borne

1 of 2

past participle of bear

borne

2 of 2

adjective

: transported or transmitted by
used in combination
soilborne
airborne

Did you know?

Borne is, just like born, the past participle of the verb bear, which can mean (among other things) "to contain" or "to give birth to." At first, borne and born were variant spellings of the same adjective. Used as in water-borne (or water-born), it means "carried by." In the phrase "borne enemies" (or "born enemies"), it means "from birth." To add to the confusion, the spelling borne sees occasional use in the passive voice in the "to give birth to" sense, as in "two sons were borne by his wife." In combining forms, born is reserved for the adjective related to birth (as in newly-born and Massachusetts-born) and borne retains the sense of "carried" ("airborne passengers").

Examples of borne in a Sentence

Adjective My book surveys the public-health landscape from food-borne and insectborne diseases to antibiotic resistance, from infectious causes of chronic afflictions to bioterrorism. Madeline Drexler, Wilson Quarterly, Summer 2002
The news carried by mail coach is an exact inversion of the railroad-borne news in Charles Dickens's Dombey and Son (1844-46). John Plotz, The Crowd, 2000
I would tend to think your strawberries died from other causes. Strawberries need excellent drainage and a sandy, acidic soil that has good air space to encourage root health. They like a soil that has been amended with compost. But strawberries can succumb to soil-borne diseases. Kathy Huber, Houston Chronicle, 3 Oct. 1998
Recent Examples on the Web
Adjective
But Wayne Turnage, deputy mayor for health and human services, said the choice not to increase the benefits is one borne of financial necessity, as many of the District’s social services programs are overburdened, over budget and more inneed of the cash. Meagan Flynn, Washington Post, 9 Dec. 2023 Despite these daunting numbers and the fear associated with the deadly, vector borne disease, 17-year-old innovator Gabrielle Wong, believes technology can help humans develop immunity to the problems ahead. Jon Stojan, USA TODAY, 14 July 2023 That's followed by glimpses of Chalamet's Edgar inadvertently puncturing a football, attracting a field of magnets in science class, and more scissorhands-borne mishaps. Tyler Aquilina, EW.com, 7 Feb. 2021 That mosquito-borne illness infected at least 38 people in the northeast and Midwest and killed 15 of them, according to the Centers for Disease Control and Prevention. Scottie Andrew, CNN, 12 May 2020 With pandemic preparedness, a respiratory-borne illness was always the big worry. Matthew Herper, STAT, 6 Mar. 2020 Ninety percent of health care organizations were hit with email-borne attacks last year, according to research released on Tuesday by Mimecast. Alyssa Newcomb, Fortune, 13 Mar. 2020 Sanders, volunteer coordinator at the Historical Society of Washington, clutched the roll of paper tightly, lest it be blown out of his hands and borne to 20th Street NW, eight stories down. John Kelly, Washington Post, 14 Dec. 2019 By combining those data with the floats’ own current-borne trajectories, investigators can reconstruct overall currents and their speed. Paul Voosen, Science | AAAS, 5 Feb. 2020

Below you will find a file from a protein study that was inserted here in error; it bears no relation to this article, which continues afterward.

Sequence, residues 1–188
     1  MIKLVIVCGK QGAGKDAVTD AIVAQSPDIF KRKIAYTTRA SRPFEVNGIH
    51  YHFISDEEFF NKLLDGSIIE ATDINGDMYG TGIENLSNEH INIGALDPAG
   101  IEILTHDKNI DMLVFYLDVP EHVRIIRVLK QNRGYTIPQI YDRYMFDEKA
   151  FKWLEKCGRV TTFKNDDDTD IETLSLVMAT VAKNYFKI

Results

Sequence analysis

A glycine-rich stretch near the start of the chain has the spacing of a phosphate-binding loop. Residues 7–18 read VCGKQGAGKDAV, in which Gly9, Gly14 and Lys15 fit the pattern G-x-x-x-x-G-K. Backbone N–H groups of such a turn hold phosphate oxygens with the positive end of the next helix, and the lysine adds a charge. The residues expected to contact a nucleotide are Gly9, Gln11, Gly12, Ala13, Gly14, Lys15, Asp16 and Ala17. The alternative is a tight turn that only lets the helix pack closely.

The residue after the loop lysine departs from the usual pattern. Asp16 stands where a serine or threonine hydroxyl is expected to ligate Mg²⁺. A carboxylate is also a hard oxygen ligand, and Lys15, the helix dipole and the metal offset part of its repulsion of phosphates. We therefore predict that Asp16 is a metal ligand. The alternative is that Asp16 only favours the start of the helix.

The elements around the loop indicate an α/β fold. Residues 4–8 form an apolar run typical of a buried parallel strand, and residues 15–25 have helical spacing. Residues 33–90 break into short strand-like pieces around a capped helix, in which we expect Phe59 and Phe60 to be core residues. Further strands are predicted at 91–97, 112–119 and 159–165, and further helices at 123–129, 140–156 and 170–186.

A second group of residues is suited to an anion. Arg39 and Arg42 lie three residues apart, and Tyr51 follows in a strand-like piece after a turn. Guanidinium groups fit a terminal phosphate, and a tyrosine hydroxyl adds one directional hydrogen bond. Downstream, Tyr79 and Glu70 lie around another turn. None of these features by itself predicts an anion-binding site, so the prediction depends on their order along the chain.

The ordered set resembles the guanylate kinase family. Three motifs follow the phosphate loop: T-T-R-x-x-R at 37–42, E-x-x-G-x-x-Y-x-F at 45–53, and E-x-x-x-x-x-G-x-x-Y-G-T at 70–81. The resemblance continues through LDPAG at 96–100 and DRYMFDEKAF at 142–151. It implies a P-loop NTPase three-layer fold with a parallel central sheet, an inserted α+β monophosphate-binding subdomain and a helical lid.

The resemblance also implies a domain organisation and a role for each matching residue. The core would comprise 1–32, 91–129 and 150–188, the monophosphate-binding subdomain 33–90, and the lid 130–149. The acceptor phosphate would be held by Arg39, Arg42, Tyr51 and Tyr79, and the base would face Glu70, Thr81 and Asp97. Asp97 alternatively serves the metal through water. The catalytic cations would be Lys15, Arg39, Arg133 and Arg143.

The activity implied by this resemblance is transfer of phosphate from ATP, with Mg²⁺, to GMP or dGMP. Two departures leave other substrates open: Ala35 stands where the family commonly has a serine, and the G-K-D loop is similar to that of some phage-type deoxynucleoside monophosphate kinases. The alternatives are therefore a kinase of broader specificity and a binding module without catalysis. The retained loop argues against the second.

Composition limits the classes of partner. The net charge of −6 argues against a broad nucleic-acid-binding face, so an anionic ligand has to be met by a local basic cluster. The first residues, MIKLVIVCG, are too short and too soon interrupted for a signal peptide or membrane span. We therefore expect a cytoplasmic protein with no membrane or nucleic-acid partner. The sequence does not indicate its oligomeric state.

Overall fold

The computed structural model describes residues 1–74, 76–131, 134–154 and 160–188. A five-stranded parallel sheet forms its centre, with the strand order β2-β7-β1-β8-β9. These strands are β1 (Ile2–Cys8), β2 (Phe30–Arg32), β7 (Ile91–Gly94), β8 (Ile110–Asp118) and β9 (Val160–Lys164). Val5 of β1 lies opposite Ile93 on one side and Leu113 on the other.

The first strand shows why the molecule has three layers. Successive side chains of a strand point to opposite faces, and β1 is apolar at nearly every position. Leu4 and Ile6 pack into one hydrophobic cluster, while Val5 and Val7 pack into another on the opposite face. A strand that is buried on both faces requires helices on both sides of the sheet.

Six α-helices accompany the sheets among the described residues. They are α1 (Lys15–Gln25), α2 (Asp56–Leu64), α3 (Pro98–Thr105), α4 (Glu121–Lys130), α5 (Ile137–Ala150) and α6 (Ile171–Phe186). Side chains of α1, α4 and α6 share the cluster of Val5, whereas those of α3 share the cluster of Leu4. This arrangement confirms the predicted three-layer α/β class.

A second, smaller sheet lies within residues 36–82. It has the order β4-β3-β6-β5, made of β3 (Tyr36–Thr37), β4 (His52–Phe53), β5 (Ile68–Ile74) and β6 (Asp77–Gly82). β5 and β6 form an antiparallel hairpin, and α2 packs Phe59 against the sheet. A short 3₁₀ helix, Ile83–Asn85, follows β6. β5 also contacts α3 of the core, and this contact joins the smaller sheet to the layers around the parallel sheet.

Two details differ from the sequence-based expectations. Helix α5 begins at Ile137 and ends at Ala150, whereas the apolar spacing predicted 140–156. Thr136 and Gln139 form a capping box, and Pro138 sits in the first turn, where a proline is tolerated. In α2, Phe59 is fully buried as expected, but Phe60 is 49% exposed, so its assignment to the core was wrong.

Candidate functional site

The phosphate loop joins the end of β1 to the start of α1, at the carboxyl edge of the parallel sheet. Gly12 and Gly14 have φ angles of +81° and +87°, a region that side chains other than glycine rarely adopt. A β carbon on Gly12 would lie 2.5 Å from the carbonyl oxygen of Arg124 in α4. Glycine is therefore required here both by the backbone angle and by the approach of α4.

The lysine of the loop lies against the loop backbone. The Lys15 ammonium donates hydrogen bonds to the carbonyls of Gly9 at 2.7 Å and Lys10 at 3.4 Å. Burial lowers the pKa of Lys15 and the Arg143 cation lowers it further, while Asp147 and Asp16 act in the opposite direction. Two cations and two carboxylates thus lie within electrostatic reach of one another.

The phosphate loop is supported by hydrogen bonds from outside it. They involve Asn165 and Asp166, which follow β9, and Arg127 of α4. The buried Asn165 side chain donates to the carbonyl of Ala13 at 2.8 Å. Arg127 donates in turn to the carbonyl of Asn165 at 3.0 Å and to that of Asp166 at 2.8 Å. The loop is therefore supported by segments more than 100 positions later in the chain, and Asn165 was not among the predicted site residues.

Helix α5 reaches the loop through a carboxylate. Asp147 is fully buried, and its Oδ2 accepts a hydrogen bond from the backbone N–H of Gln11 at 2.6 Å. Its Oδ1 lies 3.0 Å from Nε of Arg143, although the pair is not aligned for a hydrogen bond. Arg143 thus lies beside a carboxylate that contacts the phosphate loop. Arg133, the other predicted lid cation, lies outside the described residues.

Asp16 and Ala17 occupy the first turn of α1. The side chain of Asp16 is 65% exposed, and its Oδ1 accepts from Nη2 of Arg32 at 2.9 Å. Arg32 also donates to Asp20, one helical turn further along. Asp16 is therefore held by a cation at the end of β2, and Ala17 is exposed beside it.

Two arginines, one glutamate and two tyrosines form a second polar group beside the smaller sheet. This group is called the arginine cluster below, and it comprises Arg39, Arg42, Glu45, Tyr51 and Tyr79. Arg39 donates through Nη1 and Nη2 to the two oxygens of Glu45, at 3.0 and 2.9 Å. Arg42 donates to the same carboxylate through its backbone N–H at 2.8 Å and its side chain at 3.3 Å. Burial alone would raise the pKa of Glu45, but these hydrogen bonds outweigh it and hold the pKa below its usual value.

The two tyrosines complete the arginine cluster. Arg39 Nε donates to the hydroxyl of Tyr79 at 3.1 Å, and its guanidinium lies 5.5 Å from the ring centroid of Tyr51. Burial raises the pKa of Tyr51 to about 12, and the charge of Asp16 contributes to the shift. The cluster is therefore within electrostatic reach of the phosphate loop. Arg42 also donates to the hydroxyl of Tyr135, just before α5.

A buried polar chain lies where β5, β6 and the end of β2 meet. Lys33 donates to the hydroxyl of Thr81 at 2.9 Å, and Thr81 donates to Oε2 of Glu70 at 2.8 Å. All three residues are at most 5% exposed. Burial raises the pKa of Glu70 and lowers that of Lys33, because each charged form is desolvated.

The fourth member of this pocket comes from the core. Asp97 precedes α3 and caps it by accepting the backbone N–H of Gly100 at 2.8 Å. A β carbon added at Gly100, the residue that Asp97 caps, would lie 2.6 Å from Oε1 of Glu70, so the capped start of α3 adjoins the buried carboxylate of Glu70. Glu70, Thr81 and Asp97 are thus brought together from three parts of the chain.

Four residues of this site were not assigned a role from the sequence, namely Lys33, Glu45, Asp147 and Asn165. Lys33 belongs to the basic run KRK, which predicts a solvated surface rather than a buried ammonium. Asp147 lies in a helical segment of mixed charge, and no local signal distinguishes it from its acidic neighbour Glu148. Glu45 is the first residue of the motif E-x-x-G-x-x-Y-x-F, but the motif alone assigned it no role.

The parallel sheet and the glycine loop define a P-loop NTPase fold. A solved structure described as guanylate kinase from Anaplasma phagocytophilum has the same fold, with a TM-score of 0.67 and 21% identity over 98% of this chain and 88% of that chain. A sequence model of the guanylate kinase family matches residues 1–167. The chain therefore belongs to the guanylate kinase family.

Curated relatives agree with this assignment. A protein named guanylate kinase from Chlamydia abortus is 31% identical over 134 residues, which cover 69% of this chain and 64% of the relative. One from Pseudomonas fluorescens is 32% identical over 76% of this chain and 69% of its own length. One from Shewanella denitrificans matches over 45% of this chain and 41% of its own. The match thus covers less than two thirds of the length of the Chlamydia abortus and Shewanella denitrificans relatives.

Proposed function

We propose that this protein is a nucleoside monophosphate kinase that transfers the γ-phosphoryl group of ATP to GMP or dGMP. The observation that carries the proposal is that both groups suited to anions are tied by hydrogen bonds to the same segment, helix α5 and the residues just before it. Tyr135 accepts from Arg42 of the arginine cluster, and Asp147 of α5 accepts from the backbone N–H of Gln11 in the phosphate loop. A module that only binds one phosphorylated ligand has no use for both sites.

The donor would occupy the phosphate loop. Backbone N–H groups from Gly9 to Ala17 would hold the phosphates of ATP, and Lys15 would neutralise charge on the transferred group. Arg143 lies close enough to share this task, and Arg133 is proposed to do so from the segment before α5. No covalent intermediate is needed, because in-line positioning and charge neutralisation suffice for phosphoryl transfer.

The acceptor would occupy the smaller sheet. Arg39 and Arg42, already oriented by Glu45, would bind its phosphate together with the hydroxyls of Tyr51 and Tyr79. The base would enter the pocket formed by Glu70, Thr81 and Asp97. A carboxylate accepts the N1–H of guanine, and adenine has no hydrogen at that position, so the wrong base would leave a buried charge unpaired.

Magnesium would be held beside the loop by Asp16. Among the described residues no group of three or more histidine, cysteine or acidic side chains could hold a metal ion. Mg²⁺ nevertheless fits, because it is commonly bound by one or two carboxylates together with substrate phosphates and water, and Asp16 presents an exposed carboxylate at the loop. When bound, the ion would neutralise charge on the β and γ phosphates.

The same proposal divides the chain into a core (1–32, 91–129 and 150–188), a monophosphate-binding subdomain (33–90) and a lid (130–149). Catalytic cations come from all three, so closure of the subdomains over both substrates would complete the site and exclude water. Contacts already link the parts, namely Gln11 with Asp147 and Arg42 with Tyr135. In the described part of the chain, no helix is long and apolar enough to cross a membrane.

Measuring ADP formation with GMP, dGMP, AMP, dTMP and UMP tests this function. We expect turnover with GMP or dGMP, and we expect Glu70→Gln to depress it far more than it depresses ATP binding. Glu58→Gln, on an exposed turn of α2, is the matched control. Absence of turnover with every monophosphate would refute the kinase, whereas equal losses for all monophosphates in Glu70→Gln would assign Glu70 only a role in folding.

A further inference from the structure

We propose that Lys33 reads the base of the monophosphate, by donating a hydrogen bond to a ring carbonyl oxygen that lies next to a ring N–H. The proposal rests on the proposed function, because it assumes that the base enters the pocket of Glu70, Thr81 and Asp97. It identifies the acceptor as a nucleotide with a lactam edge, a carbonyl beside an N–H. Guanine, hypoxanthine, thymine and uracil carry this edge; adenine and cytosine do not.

These examples are programmatically compiled from various online sources to illustrate current usage of the word 'borne.' Any opinions expressed in the examples do not represent those of Merriam-Webster or its editors. Send us feedback about these examples.

Word History

First Known Use

Adjective

circa 1559, in the meaning defined above

Time Traveler
The first known use of borne was circa 1559

Podcast

Dictionary Entries Near borne

Cite this Entry

“Borne.” Merriam-Webster.com Dictionary, Merriam-Webster, https://www.merriam-webster.com/dictionary/borne. Accessed 17 Apr. 2024.

Kids Definition

borne

past participle of bear

Medical Definition

borne

past part of bear

Legal Definition

borne

past participle of bear

More from Merriam-Webster on borne

Love words? Need even more definitions?

Subscribe to America's largest dictionary and get thousands more definitions and advanced search—ad free!